A Perfect War of Politics: Parties, Politicians, and Democracy in Louisiana, 1824-1861

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Louisiana State University Press, Apr 1, 2007 - History - 331 pages
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Though antebellum Louisiana shared the rest of the South's commitment to slavery and cotton, the presence of a substantial sugarcane industry, large Creole and Catholic populations, numerous foreign and northern immigrants, and the immense city of New Orleans made it perhaps the most unsouthern of southern states. John M. Sacher's A Perfect War of Politics explores why Louisiana joined its neighbors in seceding from the Union in early 1861 and offers the first comprehensive study of the state's antebellum political parties and their interaction with the electorate. Sacher shows that, although civic participation expanded beyond the elite from 1824 to 1861, Louisiana remained a "white men's democracy." Ultimately, he explains, an obsession with defending white men's liberty led Louisiana's politicians to support secession. Sacher's welcome study provides a fresh, grass-roots perspective on the political causes of the Civil War and confirms the dominant role regional politics played in antebellum Louisiana.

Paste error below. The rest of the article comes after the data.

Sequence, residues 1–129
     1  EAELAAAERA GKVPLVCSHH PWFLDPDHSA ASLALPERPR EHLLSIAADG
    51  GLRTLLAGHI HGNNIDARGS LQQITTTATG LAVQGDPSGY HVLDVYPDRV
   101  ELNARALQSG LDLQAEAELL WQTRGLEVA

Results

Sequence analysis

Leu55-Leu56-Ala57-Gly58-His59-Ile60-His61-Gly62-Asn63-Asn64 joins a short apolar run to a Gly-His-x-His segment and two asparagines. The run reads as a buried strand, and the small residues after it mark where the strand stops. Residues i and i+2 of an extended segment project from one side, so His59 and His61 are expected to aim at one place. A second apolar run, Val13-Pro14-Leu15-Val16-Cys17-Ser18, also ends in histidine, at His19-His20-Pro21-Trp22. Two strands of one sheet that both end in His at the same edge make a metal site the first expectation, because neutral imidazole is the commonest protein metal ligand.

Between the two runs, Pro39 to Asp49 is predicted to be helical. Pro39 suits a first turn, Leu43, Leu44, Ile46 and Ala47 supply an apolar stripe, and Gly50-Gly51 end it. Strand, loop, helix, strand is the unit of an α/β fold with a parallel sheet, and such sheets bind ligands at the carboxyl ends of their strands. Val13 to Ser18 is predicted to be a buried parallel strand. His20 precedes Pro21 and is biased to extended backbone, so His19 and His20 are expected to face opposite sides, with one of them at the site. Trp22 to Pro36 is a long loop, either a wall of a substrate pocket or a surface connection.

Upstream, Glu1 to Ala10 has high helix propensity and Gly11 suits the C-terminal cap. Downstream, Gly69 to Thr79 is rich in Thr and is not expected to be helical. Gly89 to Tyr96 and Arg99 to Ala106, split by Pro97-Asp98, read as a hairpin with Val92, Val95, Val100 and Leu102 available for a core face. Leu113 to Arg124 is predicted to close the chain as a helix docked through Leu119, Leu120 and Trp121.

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About the author (2007)

John M. Sacher is an assistant professor of history at the University of Central Florida in Orlando.

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